Air Ambulances in New Mexico – How Can They Aid to Be Your Savior and Help Ease the Future of Medication?
The standardization of the ambulance equipment took place almost four decades ago. COT or the Committee on Trauma of ACS or the American College of Surgeons developed it in 1988.
Revision made in 2005 by all the stakeholders ACS COT, ACEP or the American College of Emergency Physicians, and NAEMSP or the National Association of EMS Physicians directs all the needs of the emergency ambulance services both in the United States and Canada.
Air ambulances are rapidly growing and are also following similar guidelines. The number of people opting for such airlift options in emergencies is on the rise in New Mexico. We look a little deeper into the details of the air ambulances and how it is shaping the future of mediation.
Equipment and Facilities
The growth of the air ambulance services has led the services providers in this domain to subscribe to technical and medical equipment that meet the highest levels of International Standards.
These air ambulance companies in New Mexico are maintaining superior medical equipment and supplies. Before every transport, they follow a strict check-up and testing of all the equipment. A thorough examination of the inventory and its maintenance ensures that their clients get the highest levels of service every time.
The life support intensive care base units can have:
Patient loading system
Oxygen, Oxygen regulators gauges, tubing, and masks
State of the Art transport Ventilator
Emergency Drugs & Kit
Defibrillator with external Cardiac Pacemaker
Fiber optic bronchoscope
Oxygen Hood for Pediatrics patient
Multi-Parameter Transport Monitor
Spin board with Headend immobilizer
The above guideline is for intensive care air ambulances. However, the equipment can vary based on the type of certification and the geographic conditions of the region of New Mexico that the air ambulance is catering to.
BLS and ALS Ambulances
Another crucial factor to note is the classification of the ambulances based on their utility. The air ambulances are classified into two heads –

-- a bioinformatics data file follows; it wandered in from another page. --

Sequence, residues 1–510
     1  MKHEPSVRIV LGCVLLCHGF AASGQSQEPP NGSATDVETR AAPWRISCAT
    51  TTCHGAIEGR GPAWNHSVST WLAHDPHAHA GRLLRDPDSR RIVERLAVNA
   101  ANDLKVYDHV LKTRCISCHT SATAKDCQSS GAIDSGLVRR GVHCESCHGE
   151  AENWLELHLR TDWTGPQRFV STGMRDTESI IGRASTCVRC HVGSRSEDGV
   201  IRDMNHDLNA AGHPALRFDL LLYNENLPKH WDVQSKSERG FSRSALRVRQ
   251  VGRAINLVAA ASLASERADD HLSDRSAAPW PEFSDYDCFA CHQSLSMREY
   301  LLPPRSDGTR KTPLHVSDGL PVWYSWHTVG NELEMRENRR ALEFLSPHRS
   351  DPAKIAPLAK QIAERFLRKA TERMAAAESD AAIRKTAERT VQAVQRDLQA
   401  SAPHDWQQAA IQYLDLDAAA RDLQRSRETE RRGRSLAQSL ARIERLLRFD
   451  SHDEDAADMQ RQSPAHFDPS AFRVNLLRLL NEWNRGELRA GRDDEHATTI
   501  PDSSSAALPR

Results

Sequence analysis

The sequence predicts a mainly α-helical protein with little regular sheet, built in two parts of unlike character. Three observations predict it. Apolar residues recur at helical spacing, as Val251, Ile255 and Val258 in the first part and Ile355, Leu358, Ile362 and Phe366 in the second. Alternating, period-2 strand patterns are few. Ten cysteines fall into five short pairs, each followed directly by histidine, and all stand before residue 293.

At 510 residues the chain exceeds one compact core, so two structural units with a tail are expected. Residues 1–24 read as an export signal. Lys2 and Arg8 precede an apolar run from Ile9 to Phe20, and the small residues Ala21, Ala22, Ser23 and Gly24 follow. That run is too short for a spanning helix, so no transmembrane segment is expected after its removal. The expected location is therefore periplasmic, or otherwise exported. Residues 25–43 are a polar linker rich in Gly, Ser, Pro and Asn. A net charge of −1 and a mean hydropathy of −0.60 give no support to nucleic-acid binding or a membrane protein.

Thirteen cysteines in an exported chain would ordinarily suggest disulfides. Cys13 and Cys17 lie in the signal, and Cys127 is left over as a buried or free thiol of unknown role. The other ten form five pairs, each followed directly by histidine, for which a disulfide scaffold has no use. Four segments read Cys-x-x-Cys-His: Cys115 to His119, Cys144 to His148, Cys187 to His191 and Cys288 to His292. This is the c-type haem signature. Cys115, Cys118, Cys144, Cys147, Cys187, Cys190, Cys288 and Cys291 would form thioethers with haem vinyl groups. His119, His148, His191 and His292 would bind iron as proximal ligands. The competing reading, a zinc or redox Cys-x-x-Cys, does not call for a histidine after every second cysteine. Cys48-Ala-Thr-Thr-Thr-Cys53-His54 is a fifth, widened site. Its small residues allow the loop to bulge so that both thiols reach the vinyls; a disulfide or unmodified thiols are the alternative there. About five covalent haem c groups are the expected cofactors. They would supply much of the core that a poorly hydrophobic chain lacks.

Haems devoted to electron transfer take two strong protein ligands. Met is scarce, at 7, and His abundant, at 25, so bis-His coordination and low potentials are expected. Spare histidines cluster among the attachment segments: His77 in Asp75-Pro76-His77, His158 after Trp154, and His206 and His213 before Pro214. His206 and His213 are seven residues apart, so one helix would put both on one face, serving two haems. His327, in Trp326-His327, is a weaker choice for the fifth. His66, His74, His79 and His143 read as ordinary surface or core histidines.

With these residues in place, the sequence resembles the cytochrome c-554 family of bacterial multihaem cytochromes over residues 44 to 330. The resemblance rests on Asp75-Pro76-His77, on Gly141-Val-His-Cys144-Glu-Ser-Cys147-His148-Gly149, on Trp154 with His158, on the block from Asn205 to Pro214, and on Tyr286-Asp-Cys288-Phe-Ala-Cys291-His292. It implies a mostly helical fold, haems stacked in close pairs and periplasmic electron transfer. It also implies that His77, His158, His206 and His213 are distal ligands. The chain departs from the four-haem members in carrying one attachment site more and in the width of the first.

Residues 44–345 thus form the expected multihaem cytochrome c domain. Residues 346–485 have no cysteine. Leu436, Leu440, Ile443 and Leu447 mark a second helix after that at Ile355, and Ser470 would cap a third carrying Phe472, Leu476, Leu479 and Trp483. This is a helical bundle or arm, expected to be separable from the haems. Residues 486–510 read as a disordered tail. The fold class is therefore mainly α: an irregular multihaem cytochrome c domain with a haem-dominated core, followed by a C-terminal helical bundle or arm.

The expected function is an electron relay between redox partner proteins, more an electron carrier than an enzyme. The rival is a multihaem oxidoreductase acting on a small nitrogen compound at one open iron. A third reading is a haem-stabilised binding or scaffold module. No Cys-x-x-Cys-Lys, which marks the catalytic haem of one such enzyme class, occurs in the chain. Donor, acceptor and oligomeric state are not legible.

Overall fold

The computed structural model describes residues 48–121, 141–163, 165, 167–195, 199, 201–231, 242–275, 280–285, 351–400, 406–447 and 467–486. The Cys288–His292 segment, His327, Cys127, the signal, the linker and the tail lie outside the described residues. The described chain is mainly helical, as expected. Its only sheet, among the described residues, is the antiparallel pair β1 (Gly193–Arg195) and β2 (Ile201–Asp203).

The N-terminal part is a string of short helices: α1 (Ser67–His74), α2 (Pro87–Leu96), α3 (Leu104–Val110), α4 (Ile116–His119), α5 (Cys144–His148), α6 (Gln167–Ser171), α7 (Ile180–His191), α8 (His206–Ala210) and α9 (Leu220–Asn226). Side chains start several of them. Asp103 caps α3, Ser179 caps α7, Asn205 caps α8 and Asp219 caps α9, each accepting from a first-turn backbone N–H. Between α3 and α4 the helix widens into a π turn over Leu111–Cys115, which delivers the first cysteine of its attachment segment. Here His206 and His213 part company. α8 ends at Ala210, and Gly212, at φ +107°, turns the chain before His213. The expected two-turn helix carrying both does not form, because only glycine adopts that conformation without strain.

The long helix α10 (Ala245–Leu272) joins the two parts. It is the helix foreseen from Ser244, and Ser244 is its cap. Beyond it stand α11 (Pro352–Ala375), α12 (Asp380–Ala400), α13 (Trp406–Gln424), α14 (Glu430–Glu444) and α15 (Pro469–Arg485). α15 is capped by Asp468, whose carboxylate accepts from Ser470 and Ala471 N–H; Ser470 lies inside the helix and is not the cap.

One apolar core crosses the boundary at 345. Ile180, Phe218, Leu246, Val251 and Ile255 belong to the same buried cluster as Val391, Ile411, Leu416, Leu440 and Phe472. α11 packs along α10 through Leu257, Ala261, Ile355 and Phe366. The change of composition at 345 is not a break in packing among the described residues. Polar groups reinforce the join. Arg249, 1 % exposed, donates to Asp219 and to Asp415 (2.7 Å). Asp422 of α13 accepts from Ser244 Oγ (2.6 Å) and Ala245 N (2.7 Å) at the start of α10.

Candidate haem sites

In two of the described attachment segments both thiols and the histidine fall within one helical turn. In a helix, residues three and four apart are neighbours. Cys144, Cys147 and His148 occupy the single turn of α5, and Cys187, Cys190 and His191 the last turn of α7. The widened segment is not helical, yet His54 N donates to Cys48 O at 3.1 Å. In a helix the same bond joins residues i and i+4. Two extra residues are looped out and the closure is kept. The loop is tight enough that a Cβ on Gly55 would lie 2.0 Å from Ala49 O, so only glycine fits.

Basic life support (BLS)
Advanced life support (ALS)
Depending on the type of air ambulance the equipment and supplies can vary. The formulation of the lists happens after reaching a consensus among the experts to provide the best possible patient care in the out-of-hospital setting.
The Basic Life Support (BLS ) Air Ambulances can have the following equipment:
Suction apparatus that can be portable and fixed with a regulator. It follows the KKK-A-1822F Federal specifications. The suction catheters are flexible and tonsillar. They can be between the commercially available 6F–16F. The tubing can have a rigid pharyngeal curved suction tip and wide-boring.
Saline drops and bulb suction for infants
Portable oxygen apparatus, capable of metered flow with adequate tubing
Pulse oximeter with pediatric and adult probes
Portable and fixed oxygen supply equipment with variable flow regulator
Nasopharyngeal and Oropharyngeal airways. The various recommended sizes depending on the type of patient can be present.
Oxygen administration equipment with the transparent mask, adequate length tubing, nasal cannulas, and both non-rebreathing and valveless
Bag-valve mask or manual resuscitator that can have a hand-operated, self-re-expanding bag and mask.
The Advanced Life Support (ALS) Air Ambulances can have the following equipment:
FAA Approved Stretcher System on Board
Emergency Drug Box
Cardiac Monitors, ECG, invasive and non-invasive blood pressure
Clean Linens, Blankets, and Pillows
Blood Pressure Cuffs
IV Pumps & Solutions
Oxygen supplies, regulators, and gauges
Hand Operated Bag-Valve
Respirator / Ventilator
Portable Suction Units
Before the scheduled flights, the flight nurse under the supervision of the Chief flight nurse ensures that all the equipment goes through checks and inventory is properly maintained.
Additional equipment can aid in the event of air transport of a child. It will require opting for the services of a New Mexico Pediatric and Neonatal Air Ambulance transport.
The medical staff on board an air ambulance can be a combination of Paramedic or Nurse, Physician or Nurse, Nurse or Nurse. The evidence-based applications concerning the care administered by the nurses and protocols have led to a reduction in the usage of Physician or Nurse combinations. However, this has led to the inclusion of respiratory therapists in all the modes of air ambulances.
A certified flight paramedic (FP-C) has additional training as compared to a licensed paramedic. They have a highly experienced career path with more than five years of autonomous clinical experience. It is generally for both pre-hospital emergency medicine and critical care transport.
A member of the aeromedical evacuation crew on helicopters and airplanes and a nurse specialized in patient transport in the aviation environment. They can get certifications in Critical Care (CCRN), Flight Nursing (CFRN), and Emergency Nursing (CEN).
Transport Respiratory Practitioner
A respiratory therapist or a trained respiratory practitioner aid in long-distance transports and provide care during the short transfers. They can get certifications from the National Board for Respiratory Care.
Therefore, the air ambulance can be a crucial help for the patients who need urgent care. The inclusion of the specialized units and experienced staff can help all those in need. The increasing expertise and regulatory guidelines and demand is leading to the rapid growth of this industry.